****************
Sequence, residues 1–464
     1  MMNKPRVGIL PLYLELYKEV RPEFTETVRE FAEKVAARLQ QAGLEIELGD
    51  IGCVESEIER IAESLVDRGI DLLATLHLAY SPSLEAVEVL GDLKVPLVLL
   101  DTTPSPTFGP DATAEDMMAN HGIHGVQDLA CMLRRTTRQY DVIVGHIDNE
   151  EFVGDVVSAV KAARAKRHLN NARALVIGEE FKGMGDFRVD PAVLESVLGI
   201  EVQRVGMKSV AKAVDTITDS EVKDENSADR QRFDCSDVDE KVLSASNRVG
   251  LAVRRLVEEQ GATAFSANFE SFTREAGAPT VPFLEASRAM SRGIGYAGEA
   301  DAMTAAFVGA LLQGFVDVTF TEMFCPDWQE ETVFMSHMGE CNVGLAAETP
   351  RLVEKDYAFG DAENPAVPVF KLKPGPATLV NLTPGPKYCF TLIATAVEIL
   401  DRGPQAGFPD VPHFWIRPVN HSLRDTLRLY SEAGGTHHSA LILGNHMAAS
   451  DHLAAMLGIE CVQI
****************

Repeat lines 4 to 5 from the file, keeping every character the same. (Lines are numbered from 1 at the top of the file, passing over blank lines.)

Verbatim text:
   101  DTTPSPTFGP DATAEDMMAN HGIHGVQDLA CMLRRTTRQY DVIVGHIDNE
   151  EFVGDVVSAV KAARAKRHLN NARALVIGEE FKGMGDFRVD PAVLESVLGI